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Raising Boys with a Healthy Body Image

When baby boys are born, they usually look close to perfect  - their parents gaze at them with the rose-coloured glasses that are issued to all new mums and dads. And apart from snotty noses, muddy knees and bruised shins, those little boys remain cherub-like in the eyes of their parents until their early teen years. By then, teenage boys are starting to define and compare themselves with others and will be making efforts to show how different they are from their doting parents. Enter the influence of the media, the movies, peers and reality television, and all of a sudden a teenage boy notices that his muscles are not as bulked up as his favourite television show character, and his hair is not as straight and cool as the popular boys in his year.

It has always been this way, teenagers comparing themselves with each other, to movie stars, to sporting heroes and to images of people they admire. But what has changed? Teenagers are now exposed to so much more media (print, television, mobile content and internet) and often they are consuming these images without adult input or commentary. ‘Maleness’ is less well-defined and less stereotyped and it is more acceptable for boys to use cosmetics, take an interest in fashion and follow gossip-style media reports of celebrities. The sophistication of photo-editing software has also made it possible for magazine picture editors to make significant but invisible adjustments to celebrity images that was not possible twenty or more years ago.

So raising boys with a healthy body image is more challenging for parents of Generations Y and Z; many boys are saying they are under a lot of pressure to look good even at school, and parents report that their teen boys are spending inordinate amounts of time ‘preening’ themselves before leaving the house.

Parents Concerned about Boys’ Negative Body Image and Eating Disorders

The Butterfly Foundation in Australia is a useful resource for anyone concerned about eating disorders or body image issues; their website reports that although eating disorders are most frequent in young women, there is an increasing incidence among males, with “disordered eating” growing two fold in the past decade in Australia in males and females 15 years and older. Also disturbing  is their report that “disordered eating is emerging as a norm in Australian society with 90% of 12-17 year old girls and 68% of 12 – 17 year old boys having been on a diet of some type.”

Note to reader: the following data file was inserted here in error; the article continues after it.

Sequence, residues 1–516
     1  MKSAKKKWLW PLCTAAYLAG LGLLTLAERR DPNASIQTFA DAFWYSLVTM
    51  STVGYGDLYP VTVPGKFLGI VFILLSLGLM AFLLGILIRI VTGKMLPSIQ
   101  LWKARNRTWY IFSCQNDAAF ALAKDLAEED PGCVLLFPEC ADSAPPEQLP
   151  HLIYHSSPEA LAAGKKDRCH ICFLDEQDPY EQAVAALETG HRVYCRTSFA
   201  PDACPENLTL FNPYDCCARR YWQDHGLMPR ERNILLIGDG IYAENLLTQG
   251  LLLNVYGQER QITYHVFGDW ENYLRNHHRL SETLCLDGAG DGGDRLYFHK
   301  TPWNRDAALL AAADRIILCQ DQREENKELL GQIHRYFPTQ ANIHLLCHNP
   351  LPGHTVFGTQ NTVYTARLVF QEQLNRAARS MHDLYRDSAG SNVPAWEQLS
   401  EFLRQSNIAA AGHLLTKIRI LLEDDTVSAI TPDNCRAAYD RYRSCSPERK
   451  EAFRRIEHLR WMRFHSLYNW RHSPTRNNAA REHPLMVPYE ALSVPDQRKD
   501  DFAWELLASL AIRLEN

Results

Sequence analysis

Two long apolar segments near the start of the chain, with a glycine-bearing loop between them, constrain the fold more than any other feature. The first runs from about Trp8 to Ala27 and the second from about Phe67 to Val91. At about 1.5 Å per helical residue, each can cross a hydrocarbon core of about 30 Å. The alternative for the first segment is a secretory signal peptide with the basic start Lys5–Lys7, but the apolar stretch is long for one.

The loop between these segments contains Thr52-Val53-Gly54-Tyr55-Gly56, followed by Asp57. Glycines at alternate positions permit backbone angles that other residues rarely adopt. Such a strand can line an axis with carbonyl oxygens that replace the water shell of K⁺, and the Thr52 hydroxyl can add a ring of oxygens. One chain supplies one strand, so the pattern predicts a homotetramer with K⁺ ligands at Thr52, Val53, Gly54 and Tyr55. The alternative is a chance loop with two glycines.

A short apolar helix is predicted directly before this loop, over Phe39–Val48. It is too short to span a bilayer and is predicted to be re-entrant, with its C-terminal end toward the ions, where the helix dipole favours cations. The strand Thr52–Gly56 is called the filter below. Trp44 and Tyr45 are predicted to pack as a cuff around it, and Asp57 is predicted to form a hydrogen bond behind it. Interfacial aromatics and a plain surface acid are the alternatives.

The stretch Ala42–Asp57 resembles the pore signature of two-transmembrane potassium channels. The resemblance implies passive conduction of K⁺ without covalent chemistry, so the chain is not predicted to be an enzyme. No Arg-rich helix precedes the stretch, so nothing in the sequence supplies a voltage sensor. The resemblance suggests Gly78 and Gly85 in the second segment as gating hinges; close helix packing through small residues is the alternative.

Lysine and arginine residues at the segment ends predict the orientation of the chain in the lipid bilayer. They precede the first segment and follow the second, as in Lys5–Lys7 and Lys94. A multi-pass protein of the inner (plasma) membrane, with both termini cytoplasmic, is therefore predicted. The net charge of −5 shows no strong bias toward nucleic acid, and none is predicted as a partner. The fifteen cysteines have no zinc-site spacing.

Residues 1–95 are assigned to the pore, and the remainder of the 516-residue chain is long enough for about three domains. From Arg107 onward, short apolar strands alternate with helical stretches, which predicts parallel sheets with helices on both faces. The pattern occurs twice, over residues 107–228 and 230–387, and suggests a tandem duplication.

It’s normal for teenagers to be more concerned about their appearance – part of that developmental stage includes thinking about individuality and expressing that in clothes as well as following trends popular among their peers. But if parents and carers suspect that a boy may have an eating disorder or negative body image disturbance, it is important to seek help. Eating disorders are often accompanied by, or cause serious psychological or physical effects. As body image is reported as the number one concern of young Australians aged 12 to 28 years, it is important for parents to act on their gut feelings if they think their teenage boy may have an eating disorder or a disturbed negative body image.

Negative Body Image in Boys – Some Signs to Watch Out For

Parents who have a close and involved relationship with their teenage son are in a good position to notice if their son appears to be developing an eating disorder or has an unusually negative or obsessed approach to his body image. Some signs to watch out for include:

  • Low self esteem with excessive dieting
  • Sudden increase or loss of weight
  • Unusual changes in what your teenage boy is willing to eat
  • Negative talk about his own body
  • Constant self – weighing
  • Interest in taking body building supplements
  • Any or some of the above with anxiety or depression or excessive mood swings

Parents should refer to the expertise of their doctor and sites such as the Butterfly Foundation for more comprehensive information and diagnosis if they have a concern.

Ideas to Promote Healthy Body Image in Your Teenage Boy

There are many things parents can do to protect their sons from the possibility of developing an eating disorder or a negative body image. Ideas include:

  • Maintain a healthy diet and lifestyle and emphasise this in your family. Finding time for the whole family to be regularly active together is a good idea.
  • Avoid conversations about your own, your children’s or other people’s body size and shape; instead focus on the benefits of health and exercise. Point out aspects you admire in famous people or celebrities that are not associated with their appearance.
  • Remind your teenage boy of his personal strengths and what you admire in him, such as creativity, participation in a sporting team or efforts to complete his schoolwork.
  • Don’t tease your son about aspects of his body (even in a loving way); teenagers are particularly sensitive about this and may take your innocent jibes to heart.
  • Talk to your son about how and why the media adjusts images of celebrities and their sporting heroes and keep them aware of this issue throughout their childhood

Places to Seek Help and Information

Your doctor, counsellor and general practioner for referral.

Butterfly Foundation telephone helpline: 1800 33 4647

The Butterfly Foundation Website
Headspace website
In New Zealand – Eating Disorders Education Network website

Eating Disorders Foundation of Victoria
Reachout website
The Australian Psychological Society website